Six Russian women in a sealed room and it may get hot – no this isn’t a scene from a movie, but a scientific experiment dubbed ‘Luna-2015’. For eight whole days these female scientists will learn how to survive in conditions imitating flight to the moon.
The purpose of this ‘girls-only’ flight is to see how females will respond to conditions in space mentally and what physical adaptations they will have to endure.
The whole imitation experiment takes place in the Institute of Medical-Biological problems near Moscow and it will last eight days – three to ‘reach’ the Moon, two for ‘orbiting’ the Earth’s satellite and three more days to ‘return’. During these days, six women will learn how to interact with each other and live in a confined space.
In August, the institute chose 10 female candidates, for two months each has undergone numerous tests, both psychological and physical to prove that she is suitable for the ‘job’. On Tuesday, the project leaders announced six lucky stars, who are now sealed off in the Luna-2015 capsule.
“It’s a scientific project. We have over 30 experiments during these studies. We have a lot of things to do inside,” Daria Komissarova, a crew member, told RT.
RT correspondent William Whiteman visited the facility ahead of the experiment’s start. The premises look like a common apartment – a small cozy kitchen with pretty flowers on the table, gym and several rooms. But the women will have to experience the same conditions in terms of comfort as space travelers at the ISS.
Cameras will be recording the women’s every move. All of them will carry out experiments to analyze how they bodies would react during the ‘space’ trip. They will also test their stress levels during the simulation.
“This method is used to understand how threshold of pain sensitivity alters during flight,” another ‘moon traveler’, Tatiana Shigueva, explained pointing at one of the devices on the table. “It will be used during our experiment.”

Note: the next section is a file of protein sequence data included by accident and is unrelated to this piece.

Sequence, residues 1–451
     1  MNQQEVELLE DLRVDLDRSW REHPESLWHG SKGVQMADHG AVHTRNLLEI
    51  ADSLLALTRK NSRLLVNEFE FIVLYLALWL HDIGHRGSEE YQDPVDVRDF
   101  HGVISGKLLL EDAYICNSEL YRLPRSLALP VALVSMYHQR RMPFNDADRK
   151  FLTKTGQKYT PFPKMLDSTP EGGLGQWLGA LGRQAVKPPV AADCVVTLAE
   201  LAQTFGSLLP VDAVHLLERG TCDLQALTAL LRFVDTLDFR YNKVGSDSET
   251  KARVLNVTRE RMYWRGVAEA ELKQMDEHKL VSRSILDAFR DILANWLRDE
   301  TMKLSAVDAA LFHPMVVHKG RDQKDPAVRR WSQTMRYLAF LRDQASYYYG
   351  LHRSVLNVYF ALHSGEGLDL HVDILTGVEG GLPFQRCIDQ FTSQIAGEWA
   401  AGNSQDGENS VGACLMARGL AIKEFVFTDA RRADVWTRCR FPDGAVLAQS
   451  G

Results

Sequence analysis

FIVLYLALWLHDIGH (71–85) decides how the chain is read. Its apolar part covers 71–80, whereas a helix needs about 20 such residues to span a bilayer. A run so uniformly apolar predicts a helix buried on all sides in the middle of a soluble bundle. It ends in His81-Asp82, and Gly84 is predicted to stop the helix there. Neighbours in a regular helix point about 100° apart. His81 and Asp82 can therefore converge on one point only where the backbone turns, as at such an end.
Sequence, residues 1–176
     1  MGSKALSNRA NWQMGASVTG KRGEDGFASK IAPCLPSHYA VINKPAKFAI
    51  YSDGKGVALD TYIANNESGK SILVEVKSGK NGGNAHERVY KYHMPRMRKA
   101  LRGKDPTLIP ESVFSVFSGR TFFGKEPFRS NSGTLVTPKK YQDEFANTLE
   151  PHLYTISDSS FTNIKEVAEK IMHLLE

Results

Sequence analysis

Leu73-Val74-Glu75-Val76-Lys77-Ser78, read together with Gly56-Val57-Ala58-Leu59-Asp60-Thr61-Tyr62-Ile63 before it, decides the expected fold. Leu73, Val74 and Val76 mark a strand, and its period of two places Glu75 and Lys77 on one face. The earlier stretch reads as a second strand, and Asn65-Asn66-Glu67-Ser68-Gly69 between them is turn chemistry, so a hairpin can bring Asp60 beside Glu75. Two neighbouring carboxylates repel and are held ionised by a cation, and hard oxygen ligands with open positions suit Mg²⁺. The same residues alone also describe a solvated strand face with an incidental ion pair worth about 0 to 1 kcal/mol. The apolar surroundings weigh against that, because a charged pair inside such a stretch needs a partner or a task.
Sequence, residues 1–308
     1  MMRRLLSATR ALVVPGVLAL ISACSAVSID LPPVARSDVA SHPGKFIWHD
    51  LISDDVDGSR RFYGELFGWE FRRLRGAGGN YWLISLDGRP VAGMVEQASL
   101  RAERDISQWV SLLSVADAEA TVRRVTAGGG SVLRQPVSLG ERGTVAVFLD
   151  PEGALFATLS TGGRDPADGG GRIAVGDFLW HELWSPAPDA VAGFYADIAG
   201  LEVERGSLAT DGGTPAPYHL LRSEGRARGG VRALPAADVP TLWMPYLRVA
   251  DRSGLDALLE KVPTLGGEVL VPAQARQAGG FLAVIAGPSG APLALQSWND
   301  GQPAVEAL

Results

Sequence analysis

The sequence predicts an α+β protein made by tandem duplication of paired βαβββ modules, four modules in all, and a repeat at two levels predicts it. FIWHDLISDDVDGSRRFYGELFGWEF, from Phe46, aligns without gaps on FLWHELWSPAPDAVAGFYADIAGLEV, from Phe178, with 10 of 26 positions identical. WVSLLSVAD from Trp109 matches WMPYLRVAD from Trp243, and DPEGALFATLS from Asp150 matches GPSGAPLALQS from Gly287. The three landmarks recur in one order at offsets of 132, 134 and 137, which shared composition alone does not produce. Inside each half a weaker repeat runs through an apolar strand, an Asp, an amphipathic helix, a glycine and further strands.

According to the project leader Sergey Ponomarev, such experiments with females-only crew haven’t been carried out yet. Any technical fault or an emergency situation may lead to serious consequences, says the institute’s website.
Mars enthusiasts around the world can participate in NASA’s journey to Mars by adding their names to a silicon microchip headed to the Red Planet aboard NASA’s InSight Mars lander, scheduled to launch next year.
“Our next step in the journey to Mars is another fantastic mission to the surface,” said Jim Green, director of planetary science at NASA Headquarters in Washington. “By participating in this opportunity to send your name aboard InSight to the Red Planet, you’re showing that you’re part of that journey and the future of space exploration.”
Submissions will be accepted until Sept. 8.
The fly-your-name opportunity comes with “frequent-flier” points to reflect an individual’s personal participation in NASA’s journey to Mars, which will span multiple missions and multiple decades. The InSight mission offers the second such opportunity for space exploration fans to collect points by flying their names aboard a NASA mission, with more opportunities to follow.
Last December, the names of 1.38 million people flew on a chip aboard the first flight of NASA’s Orion spacecraft, which will carry astronauts to deep space destinations including Mars and an asteroid. After InSight, the next opportunity to earn frequent flier points will be NASA’s Exploration Mission-1, the first planned test flight bringing together the Space Launch System rocket and Orion capsule in preparation for human missions to Mars and beyond.
InSight will launch from Vandenberg Air Force Base, California, in March 2016 and land on Mars Sept. 28, 2016. The mission is the first dedicated to the investigation of the deep interior of the planet. It will place the first seismometer directly on the surface of Mars to measure Martian quakes and use seismic waves to learn about the planet’s interior. It also will deploy a self-hammering heat probe that will burrow deeper into the ground than any previous device on the Red Planet. These and other InSight investigations will improve our understanding about the formation and evolution of all rocky planets, including Earth.
Send your name on InSight